Sometimes a child in a healthy discipline situation will do an innocent childish thing that has disastrous results. In that type of situation nothing will be gained by changing discipline tactics in response to what happened. Additionally, nothing can be artificially imposed by parents after-the-fact that will be more shocking and memorable to the child than *what happened*. If the child's behavior wasn't the result of the discipline situation in the home the best response is to be supportive of the child emotionally because typically such a child will be harboring a great deal of inner stress and upset over the unexpected result of their behavior.

There is a wonderful example of this in the book Mindful Parenting. Several adolescent boys who met during family vacation at a resort, got carried away with some horseplay and 'one upmanship' behavior. They ended up destroying the exterior of the recreation room wall. The patrons were horrified. They gathered around and waited for the parents of the boys to pick them up. Two of the boys were picked up. The dads screamed at them, shamed them, and took them back to their cabins under threat of a beating/grounding from all other vacation activities. The man telling the story (one of the boys himself at the time), recalls that when his father arrives, he stares at the damage, stares at the crowd, looks at his son, then gets in his car and leaves without a word. He returns with wallboard, nails, and tools, and stays up all night in the rec room repairing the wall. The next day he did not say a single word about it, and the family proceeded to enjoy their vacation. The boy in this situation was moved in a profound way by this reaction. It was the perfect response for that particular family. The boy never did anything like that ever again, and was deeply influenced by the lessons in wisdom, compassion, and forgiveness from his father.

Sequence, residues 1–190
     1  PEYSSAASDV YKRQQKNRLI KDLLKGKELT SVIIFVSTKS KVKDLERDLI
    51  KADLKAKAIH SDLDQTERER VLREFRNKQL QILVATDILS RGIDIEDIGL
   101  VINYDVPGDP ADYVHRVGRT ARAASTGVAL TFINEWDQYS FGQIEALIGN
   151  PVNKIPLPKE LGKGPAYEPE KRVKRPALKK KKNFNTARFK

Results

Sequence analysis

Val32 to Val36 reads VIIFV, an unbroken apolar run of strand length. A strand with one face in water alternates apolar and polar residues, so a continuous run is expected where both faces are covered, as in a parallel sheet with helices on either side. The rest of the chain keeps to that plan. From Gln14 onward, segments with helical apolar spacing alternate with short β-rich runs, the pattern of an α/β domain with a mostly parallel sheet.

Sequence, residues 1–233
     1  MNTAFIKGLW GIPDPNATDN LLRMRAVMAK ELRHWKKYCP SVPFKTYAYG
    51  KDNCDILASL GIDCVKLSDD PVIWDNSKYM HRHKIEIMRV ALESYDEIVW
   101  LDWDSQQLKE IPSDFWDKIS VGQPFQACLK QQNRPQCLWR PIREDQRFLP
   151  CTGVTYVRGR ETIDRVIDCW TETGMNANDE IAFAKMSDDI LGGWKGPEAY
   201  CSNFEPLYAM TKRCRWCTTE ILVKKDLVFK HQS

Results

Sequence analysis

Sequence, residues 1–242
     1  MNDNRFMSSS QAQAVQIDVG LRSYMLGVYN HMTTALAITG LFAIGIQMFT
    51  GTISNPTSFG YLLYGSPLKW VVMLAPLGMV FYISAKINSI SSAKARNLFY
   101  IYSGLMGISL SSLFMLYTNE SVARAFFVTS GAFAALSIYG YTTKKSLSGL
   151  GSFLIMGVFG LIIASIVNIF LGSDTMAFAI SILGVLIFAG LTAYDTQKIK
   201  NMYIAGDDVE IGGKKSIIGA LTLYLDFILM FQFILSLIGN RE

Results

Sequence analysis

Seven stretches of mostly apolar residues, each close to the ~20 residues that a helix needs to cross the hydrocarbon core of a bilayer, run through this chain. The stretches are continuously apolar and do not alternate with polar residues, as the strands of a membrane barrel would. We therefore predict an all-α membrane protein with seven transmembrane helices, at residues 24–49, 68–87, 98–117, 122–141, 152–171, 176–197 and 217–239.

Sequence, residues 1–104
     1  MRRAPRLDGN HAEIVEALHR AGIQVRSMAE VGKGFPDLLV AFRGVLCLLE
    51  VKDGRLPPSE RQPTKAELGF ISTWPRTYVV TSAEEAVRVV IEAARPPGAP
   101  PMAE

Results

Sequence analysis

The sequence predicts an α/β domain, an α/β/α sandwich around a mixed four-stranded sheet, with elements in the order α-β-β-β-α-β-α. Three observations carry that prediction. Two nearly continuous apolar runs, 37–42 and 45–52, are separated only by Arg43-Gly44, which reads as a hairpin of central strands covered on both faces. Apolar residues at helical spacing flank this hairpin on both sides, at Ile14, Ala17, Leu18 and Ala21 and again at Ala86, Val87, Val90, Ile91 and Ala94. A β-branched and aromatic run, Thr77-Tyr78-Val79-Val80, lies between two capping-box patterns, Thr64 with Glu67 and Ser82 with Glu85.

My point is that yes, you can have a family dynamic, such that this kind of reaction, even for *big stuff* is powerful, wise, and effective.

But this is a real and subtle difference from a situation in which a child has a pattern of destructive behavior, and there is not an effective discipline dynamic in the home. In that situation, you have layers of issues that need to be addressed. It can sometimes be the case that it doesn't matter how you response to a big act of destruction--the child has emotionally detached from their behavior in that moment. The repair work there is going to happen between the destructive acts. Reconnecting the child emotionally to their behavior, and to discipline in the home, etc. is going to be found in all the smaller moments through the day. You have to lay the groundwork of success over small conflicts, in order to stay connected during an instance that is 'a biggie'.

That was really what I was asking her to consider. There are potentially many underlying issues that likely need to be addressed before anything changes. It is unfair to a child who cannot regulate his behavior to be stuck in this dynamic.
post #75 of 83
transformed I think your dynamic of unconditional love is excellent, and your son is lucky to have you! I am glad to hear you are also taking the steps necessary to learn what additional support he needs to be more regulated. You may need to incorporate more to meet your child needs, but you don't need to shift your philosophy

ETA: I am glad you pm'd! talk more soon, I hope!
post #76 of 83
Quote:
Originally Posted by Super Glue Mommy View Post
it's not you transformed. PM me if you need.

Do you think (or know) if your son has any sensory issues? The thing with my mom happened well after the age of 6. It's a terrible situation and I understand you want to find a solution, and I am sure with support you can (and I'd love to be part of that support for you) but what you describe could happen to anyone, from those who are gentle disciplined to those who are harshly punished (such as my mom)...

I have seen grown adults do these things. Heck, there are even some posters who have been numerous time to have some compassion and can't even manage to pull that off! And they are adults who are perfectly regulated! It's not you, please try to take to heart the things people are telling you from the heart, and leave the rest.
I don't think it's lack of compassion that made me inclined to ask if there may need to be a shift in her philosophy.
post #77 of 83
Quote: